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Maxim Cabaret, Inc. v. City of Sandy Springs

Supreme Court of Georgia

June 18, 2018


          GRANT, JUSTICE.

         Appellant Maxim Cabaret, Inc. d/b/a Maxim Cabaret is a strip club in Sandy Springs, Georgia, and appellant Theo Lambros is the club's operator, sole shareholder, and president (collectively "Maxim"). Maxim appeals from the Fulton County Superior Court's order granting summary judgment to the City of Sandy Springs on Maxim's legal challenges to city ordinances. We hold that Maxim's challenges to prior versions of the City's ordinances that have since been replaced or amended are moot; current adult business ordinances prohibiting the sale of alcohol at businesses that offer live nude entertainment constitutionally regulate negative secondary effects of strip clubs without unduly inhibiting free speech or expression; and because the City may constitutionally prohibit Maxim from obtaining a license to sell liquor on its premises under the City's adult business licensing ordinances, Maxim lacks standing to challenge the City's alcohol licensing regulations. We affirm.


         Lambros has owned and operated Maxim Cabaret, an adult entertainment establishment featuring nude dancing, in its current location since March 1992. The club operated in unincorporated Fulton County until December 1, 2005, when it came under the jurisdiction of the newly incorporated City of Sandy Springs. In March 2003, Maxim stopped offering full nudity and offered cabaret entertainment with its performers clothed or partially clothed. At the same time, it applied for and was granted a Fulton County license for on-premises consumption of alcoholic beverages. After experiencing a drop in profits, however, Maxim resumed operating as a full-nudity strip club several months later.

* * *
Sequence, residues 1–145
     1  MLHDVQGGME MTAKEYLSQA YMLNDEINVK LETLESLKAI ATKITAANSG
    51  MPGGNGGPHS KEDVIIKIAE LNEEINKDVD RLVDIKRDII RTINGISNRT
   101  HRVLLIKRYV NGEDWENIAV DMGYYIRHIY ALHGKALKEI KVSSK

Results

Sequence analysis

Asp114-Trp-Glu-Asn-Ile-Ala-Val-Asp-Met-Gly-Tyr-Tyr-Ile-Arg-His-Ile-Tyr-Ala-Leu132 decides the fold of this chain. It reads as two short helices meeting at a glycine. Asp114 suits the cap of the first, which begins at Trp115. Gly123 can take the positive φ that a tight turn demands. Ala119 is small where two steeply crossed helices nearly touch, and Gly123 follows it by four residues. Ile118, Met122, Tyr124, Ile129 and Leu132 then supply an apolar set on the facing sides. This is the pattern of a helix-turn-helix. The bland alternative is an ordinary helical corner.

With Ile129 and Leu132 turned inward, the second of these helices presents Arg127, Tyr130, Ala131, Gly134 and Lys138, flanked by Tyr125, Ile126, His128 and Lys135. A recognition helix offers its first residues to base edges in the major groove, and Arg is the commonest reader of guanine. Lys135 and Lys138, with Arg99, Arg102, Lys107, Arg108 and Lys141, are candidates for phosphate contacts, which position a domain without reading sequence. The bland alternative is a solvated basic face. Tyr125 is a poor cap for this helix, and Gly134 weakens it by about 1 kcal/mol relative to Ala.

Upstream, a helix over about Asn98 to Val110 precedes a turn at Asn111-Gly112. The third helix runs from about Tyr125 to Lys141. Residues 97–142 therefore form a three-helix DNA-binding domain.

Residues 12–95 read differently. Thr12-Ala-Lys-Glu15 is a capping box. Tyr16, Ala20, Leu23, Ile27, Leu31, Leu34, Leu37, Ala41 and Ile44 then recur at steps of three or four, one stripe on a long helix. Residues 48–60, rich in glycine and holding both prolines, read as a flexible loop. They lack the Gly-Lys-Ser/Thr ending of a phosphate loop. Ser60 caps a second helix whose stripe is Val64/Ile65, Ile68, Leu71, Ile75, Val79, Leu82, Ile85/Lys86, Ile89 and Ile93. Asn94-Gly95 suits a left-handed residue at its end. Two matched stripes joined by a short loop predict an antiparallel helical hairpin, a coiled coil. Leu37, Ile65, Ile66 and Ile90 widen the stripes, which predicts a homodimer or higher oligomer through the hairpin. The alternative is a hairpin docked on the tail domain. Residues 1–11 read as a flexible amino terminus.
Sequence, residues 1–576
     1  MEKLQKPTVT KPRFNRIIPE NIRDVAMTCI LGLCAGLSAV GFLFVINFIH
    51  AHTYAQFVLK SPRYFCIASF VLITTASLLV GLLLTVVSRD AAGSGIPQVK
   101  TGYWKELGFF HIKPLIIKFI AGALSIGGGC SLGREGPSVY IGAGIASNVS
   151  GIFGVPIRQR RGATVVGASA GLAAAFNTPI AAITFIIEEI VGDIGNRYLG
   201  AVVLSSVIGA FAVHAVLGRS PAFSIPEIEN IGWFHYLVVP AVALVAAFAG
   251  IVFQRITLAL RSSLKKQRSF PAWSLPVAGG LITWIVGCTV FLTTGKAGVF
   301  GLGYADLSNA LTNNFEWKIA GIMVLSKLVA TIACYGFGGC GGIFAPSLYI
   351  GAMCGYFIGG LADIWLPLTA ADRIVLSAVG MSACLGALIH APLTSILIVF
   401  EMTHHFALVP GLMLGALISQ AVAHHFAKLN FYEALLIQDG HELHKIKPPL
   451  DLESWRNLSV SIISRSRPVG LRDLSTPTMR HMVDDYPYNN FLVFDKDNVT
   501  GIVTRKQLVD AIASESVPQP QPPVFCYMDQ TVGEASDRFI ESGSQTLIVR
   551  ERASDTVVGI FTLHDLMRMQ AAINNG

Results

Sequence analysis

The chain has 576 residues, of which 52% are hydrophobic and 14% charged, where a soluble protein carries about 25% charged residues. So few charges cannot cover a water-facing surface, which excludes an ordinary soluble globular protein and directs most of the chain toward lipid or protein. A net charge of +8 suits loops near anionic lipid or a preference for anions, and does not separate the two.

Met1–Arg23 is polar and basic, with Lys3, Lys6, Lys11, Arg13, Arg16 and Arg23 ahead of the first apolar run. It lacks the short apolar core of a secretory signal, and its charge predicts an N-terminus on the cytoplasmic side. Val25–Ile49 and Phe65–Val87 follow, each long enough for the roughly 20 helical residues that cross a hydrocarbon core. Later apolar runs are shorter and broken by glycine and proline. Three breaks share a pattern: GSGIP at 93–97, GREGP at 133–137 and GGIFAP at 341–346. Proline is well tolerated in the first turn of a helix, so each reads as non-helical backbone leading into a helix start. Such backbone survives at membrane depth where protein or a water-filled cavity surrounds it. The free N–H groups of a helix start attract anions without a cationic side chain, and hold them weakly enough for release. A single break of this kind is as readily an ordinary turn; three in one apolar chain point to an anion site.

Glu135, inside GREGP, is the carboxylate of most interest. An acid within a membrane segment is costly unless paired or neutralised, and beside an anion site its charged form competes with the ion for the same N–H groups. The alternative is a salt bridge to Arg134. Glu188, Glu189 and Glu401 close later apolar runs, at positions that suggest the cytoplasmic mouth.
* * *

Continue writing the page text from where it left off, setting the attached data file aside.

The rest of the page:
In December 2005, the Sandy Springs city council conducted hearings at which it received and considered information concerning the negative secondary effects of sexually oriented businesses. The minutes reflect that the City was "deeply and profoundly concerned" about criminal activities associated with "the commercial combination of live nudity and alcohol, " including specifically "disorderly conduct, prostitution, public solicitation, public indecency, fighting, battery, assaults, drug use, and drug trafficking." The City also expressed concern with other undesirable effects on the community of such establishments, including "commercial depression of property values, an acceleration of community blight in the surrounding neighborhoods, " and increased costs for law enforcement and the judicial system. Effective January 1, 2006, the City enacted several zoning, business licensing, and alcohol licensing ordinances regulating adult entertainment establishments.[1] The ordinances included provisions that banned alcohol from the premises of adult entertainment establishments and restricted the permissible locations for such businesses. Under these regulations, Maxim is not authorized to operate as a strip club in its current location.